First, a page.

How to Prepare Your Car to Run Safely for Winter
Winter weather can inflict serious damage on your car during winter. When the season rolls around, it’s therefore worth taking a few protective measures. Not only will this limit the overall cost of motoring in the long term, it will also make your life on the road safer: not only for you, but for your fellow road users.
Taking care of your car in this way needn’t be expensive. In fact, in the long term, most of these measures will help you to minimise your costs.
Check the tyre pressure
Improperly inflated tyres won’t grip the road properly. They’ll either bulge in the centre, or along the edges. With less tyre coming into contact with the road, you’ll make slides more likely, and increase your stopping distance. In wintry conditions, when the road is more slippery, this can make a big difference.
You might also change the tyres entirely for winter tyres. These come with deeper treads, which will distribute surface water away from the tyre, and lower your risk of aquaplaning. The material itself will also tend to keep its shape better in colder weather.
Check the lights
During winter, you’ll be more reliant on your headlights. Make a point of periodically checking yours, and keep a supply of replacements to hand. If your lights aren’t working, then you will have difficulty seeing the road in front of you. You’ll also make yourself less visible to other road users. Lights which don’t work properly could also put you in legal trouble – even during hours of daylight.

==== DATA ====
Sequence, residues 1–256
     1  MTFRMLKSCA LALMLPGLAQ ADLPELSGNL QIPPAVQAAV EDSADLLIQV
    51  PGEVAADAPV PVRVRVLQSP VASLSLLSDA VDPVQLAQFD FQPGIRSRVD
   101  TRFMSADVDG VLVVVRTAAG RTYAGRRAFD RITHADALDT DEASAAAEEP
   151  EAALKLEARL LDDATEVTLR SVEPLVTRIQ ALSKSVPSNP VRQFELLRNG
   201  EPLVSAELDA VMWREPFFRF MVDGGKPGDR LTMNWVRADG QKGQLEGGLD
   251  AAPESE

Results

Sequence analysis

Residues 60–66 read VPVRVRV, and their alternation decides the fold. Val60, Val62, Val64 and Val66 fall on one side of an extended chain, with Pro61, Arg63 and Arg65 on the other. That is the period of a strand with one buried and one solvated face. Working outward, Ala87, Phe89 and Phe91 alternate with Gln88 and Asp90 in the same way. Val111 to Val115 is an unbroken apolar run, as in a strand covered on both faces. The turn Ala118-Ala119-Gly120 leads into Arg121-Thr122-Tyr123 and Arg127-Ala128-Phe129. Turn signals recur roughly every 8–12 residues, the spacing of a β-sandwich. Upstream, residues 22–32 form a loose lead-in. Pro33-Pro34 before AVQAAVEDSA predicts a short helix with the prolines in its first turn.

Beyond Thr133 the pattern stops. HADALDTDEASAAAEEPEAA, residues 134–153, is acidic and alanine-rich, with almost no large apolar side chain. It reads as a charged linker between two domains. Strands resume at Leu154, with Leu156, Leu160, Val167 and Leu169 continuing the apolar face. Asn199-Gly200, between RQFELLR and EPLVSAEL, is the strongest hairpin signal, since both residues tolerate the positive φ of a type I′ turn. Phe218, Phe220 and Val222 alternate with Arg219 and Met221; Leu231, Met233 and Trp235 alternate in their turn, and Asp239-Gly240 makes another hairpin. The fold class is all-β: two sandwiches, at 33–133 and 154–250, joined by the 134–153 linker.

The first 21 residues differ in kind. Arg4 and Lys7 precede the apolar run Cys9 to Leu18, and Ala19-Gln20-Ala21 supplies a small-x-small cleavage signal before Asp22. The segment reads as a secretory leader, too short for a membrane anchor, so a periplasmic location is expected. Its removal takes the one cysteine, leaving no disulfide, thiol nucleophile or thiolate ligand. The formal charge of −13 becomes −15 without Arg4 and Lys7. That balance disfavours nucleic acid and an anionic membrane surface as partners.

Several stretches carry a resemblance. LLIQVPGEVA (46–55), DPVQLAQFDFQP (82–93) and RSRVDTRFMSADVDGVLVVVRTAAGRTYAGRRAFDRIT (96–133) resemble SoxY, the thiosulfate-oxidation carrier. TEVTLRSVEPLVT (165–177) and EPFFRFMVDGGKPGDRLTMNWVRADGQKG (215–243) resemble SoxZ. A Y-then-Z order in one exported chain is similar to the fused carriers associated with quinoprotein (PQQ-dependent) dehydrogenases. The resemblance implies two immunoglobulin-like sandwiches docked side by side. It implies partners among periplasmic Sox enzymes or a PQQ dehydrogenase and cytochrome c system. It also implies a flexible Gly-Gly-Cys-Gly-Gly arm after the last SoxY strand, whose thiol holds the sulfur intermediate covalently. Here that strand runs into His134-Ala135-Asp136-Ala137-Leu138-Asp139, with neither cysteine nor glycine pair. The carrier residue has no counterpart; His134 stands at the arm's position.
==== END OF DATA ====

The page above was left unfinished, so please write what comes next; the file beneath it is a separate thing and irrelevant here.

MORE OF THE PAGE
Charge the battery
Cars tend to be more vulnerable to sputtering non-starts on frosty winter mornings. By keeping your battery topped up with a trickle charger, you’ll increase its longevity. This applies especially to cars that are sitting idle for long periods.
Replace old wipers
Over time, the rubber on your wipers will wear thin. This will mean you can’t wipe the windscreen clear, which will mean that you have a more difficult time seeing the road in front of you. Replacing your wipers regularly is therefore critical. Keep a supply of spares in your garage, and buy in bulk when you get the chance.
Change the fluid
Your screenwash concentrations matter during freezing spells. The screenwash has a lower freezing point than water does, which means that it won’t freeze up inside the pipe, before it reaches your windscreen. Increase the concentration according to the instructions on the bottle.
Change the oil
Different oils have different viscocities at different temperatures. This is what is described by the numbers on the front of every bottle. Learn what these numbers mean, and follow the recommendations of your car’s manufacturer when you come to shop for oil.